I think the answer is simply that I have spent more time with them...there is that intouchable element of "closeness" that only comes with time.

Here it is:
Philia can be selfish, but it doens't have to be. Lewis talks about Eros in the four loves saying that if it is not under the guidence of God, and under "Agape" or selfless love, then it first is set up as a "God" and then becomes a devil, when the other person no longer meets YOUR needs. I think Philia is the same, if it is under God's guidence and Agape love than it is a good friendship, if it is not, then it falls. Let it be noted that non-christians can love selflessly too...I am convinced that that is true. This post is all a "quagmire of confusion" but...what i mean is that any love that is not based in selfless love falls, and...I know I love my friends selfishly, but I also know that I love them selflessly as well. And I will always need God's help to help me to love them more and more selflessly.

Okay...I just can't seem to finish what I'm saying...and you're all going to be so confused by this posts disorganization...but there is a part of loving someone for their own good that is different in "Philia" than simply "Agape" love for man...*sigh*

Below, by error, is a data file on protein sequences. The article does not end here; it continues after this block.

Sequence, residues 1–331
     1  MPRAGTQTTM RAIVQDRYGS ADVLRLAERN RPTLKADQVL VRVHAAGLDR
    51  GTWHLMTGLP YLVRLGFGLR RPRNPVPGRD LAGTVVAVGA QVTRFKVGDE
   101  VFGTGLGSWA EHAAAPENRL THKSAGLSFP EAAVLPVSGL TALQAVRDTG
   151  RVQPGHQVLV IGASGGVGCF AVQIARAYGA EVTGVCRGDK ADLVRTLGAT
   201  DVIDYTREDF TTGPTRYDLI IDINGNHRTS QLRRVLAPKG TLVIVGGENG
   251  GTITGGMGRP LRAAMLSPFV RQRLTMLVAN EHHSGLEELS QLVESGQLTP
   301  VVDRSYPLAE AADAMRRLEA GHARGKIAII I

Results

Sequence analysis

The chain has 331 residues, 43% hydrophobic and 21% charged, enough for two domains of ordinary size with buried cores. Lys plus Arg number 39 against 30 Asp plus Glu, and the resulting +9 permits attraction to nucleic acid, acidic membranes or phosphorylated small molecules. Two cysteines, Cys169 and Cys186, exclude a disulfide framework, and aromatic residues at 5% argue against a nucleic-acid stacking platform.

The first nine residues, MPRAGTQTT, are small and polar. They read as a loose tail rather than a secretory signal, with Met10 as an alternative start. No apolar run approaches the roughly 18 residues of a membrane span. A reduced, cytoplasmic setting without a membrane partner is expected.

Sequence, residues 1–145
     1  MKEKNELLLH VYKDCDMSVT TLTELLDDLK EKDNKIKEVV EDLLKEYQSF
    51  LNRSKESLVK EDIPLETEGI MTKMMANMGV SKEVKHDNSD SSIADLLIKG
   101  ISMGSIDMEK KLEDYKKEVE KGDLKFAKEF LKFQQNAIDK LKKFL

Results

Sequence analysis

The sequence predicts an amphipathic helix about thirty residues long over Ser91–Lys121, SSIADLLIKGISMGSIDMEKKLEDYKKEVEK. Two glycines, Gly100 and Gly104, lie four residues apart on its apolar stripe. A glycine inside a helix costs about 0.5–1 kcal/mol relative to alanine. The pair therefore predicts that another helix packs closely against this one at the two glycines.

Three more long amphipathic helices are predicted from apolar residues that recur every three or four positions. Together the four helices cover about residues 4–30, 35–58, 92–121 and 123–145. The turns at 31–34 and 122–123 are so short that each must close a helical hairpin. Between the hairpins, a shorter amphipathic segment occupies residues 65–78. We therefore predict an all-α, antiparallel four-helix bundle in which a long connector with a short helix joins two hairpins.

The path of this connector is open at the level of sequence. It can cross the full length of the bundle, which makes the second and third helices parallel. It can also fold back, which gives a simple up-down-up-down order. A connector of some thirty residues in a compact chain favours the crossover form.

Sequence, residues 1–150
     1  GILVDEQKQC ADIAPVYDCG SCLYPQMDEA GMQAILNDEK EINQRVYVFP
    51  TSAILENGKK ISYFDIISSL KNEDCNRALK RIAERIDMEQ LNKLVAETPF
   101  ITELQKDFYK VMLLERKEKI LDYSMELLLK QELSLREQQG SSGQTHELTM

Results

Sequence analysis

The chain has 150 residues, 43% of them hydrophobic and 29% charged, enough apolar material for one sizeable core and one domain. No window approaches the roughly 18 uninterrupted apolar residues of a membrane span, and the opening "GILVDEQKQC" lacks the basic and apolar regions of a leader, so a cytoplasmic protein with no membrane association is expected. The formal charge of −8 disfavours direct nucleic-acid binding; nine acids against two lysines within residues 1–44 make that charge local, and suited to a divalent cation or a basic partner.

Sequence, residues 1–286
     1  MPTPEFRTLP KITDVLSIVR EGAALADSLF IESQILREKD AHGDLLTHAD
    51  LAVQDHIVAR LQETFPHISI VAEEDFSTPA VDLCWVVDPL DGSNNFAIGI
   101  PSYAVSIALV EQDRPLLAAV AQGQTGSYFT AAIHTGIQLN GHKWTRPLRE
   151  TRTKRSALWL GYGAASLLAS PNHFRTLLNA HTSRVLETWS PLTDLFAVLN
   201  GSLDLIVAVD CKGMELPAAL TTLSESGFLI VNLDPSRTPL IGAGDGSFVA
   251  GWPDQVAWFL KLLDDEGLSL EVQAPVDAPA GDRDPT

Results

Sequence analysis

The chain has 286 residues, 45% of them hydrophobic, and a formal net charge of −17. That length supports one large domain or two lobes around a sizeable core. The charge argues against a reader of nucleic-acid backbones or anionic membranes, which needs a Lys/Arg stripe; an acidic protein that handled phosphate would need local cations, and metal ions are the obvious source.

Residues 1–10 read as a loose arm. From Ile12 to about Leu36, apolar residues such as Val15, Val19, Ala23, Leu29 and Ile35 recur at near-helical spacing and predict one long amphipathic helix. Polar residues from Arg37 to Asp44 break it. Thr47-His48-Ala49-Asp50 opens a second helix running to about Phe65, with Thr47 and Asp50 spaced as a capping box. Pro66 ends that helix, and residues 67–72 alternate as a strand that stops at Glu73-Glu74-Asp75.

SarahA said…
*sigh* Ha! I always put that! *dance*
Hayley said…
I wonder if it's even biblical to love someone for their own good. Are we supposed to love people for any other reason than Jesus loves them and we're trying to be like Him? I don't know, I wonder.

And isn't it funny, how it's easier to love selflessly the people we don't know than it is to know the people we do know.

The more I think about love, the less I understand it.
Michael said…
As far as I know the bible says nothing against loving people for people sake. The bible supports romantic love, why not friendship? is confusing.
Art said…
"it's easier to love selflessly the people we don't know than it is to know the people we do know." Most definitely. It's a little discouraging, but logical.

But does the Bible support romantic love in the sense that you mean? It seems most injunctions to marry are in order that you won't waste away from passion, or to help you build the kingdom of heaven better. So, perhaps friendship and romance are good only to the extent that they are God-centered. (Other-centered, of course, but only in order to fulfill another end. Basically, we should love people "pragmatically," not for themselves, but to achieve the end of loving God.)

After that whole paragraph, I don't think I've clarified matters at all. I guess we can just try to love selflessly, and pray that God will give us wisdom to know what that means?

But that is also silly, because a way of finding wisdom is by discussing it...heh, I guess we should just continue in our puzzlement.
Micah E. said…
Is it even possible to love people for themselves without lying to ourselves? As in, is anybody really lovable?

I forget what book it was, but the father character told his daughter "It's a good thing I love you so much, be cause I sure don't like you."